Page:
An agency that uses great design and a firm grasp of the value of publishing great 10x content and who also understands the art of web typography.
So this agency ensures your content has the best shot at the title.
Sound like heaven wrapped up in the shape of an award winning solution?
Because as invaluable as all these skills are — and believe me you get what you pay for — the site they create might look nice, read well — we’ll take it as given that your content rocks — but all of this will still fail if everything isn’t designed to funnel the audience into making a sale.
You see, telling a great story isn’t the same as selling a great story.
If the story — and the funnel — coalesce to solve a problem and ensure there is a strategic, personal, compelling flow to multiple engagements, your story and your sales funnel are one.
And the difference is huge.
If you want that as a formula, here it is:
Great design + great storyselling content + an ‘invisible’ sales funnel = kerching!
So here we go.
Think about what I’ve said.
Think about past design experiences.
Think about your brand story.
With the lack of a sales funnel.
And the lack of re-engagement plan to win back those 98% of lost visitors.
(Think about the fact that yes, this is a storyselling sales funnel that you’re in right now — my storyselling sales funnel.)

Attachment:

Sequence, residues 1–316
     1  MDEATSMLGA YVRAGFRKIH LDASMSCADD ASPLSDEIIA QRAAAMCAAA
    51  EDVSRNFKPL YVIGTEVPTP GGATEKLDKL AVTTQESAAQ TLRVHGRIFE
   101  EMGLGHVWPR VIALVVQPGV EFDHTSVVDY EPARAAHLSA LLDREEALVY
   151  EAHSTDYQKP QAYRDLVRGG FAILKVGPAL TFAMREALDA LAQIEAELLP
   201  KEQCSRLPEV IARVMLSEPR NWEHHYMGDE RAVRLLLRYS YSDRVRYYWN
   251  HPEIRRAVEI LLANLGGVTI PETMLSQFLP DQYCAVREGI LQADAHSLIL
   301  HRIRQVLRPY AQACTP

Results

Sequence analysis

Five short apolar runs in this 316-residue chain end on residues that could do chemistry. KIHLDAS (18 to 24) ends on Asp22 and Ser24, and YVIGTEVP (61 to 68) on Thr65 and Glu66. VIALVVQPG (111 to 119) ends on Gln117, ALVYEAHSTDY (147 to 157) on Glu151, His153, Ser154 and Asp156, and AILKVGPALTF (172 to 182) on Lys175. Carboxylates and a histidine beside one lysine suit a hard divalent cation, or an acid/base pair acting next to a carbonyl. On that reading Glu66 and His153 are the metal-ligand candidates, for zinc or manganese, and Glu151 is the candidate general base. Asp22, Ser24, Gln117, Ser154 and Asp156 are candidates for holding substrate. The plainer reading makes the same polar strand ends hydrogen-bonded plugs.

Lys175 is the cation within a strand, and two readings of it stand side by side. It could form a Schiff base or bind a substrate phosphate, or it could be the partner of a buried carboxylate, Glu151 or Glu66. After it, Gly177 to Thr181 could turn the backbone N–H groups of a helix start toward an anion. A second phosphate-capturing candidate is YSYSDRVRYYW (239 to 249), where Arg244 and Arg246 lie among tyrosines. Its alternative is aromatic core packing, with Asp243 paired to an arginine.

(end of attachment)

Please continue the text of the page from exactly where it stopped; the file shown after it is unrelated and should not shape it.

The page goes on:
Doing what everyone is doing is fine if you want to accept a 2% hit rate.
But to break out of this tough and expensive rat race, start doing your homework and start disseminating that homework to the 98% in a way that educates them on the benefits of solving their problem — simultaneously trusting your ‘educational’ brand to be the one to do it.
Become a permanent fixture in the lives of that 98%.
Not in a cloying, superficial and superfluous way,
But in a valuable, informative, helpful way.
Calling out your reader’s problem captures attention and draws them into your message.
In short: catch their eye with value.
Do that, you’ll still bag and tag the 2%, but you’ll also begin to wean the 98% into action much, much faster than ever before.
Who knows, you can then maybe start helping the kids with their homework this weekend.
Want a sales funnel?
Ping me like a submarine if you like.
But let’s start funneling people along that yellow brick road.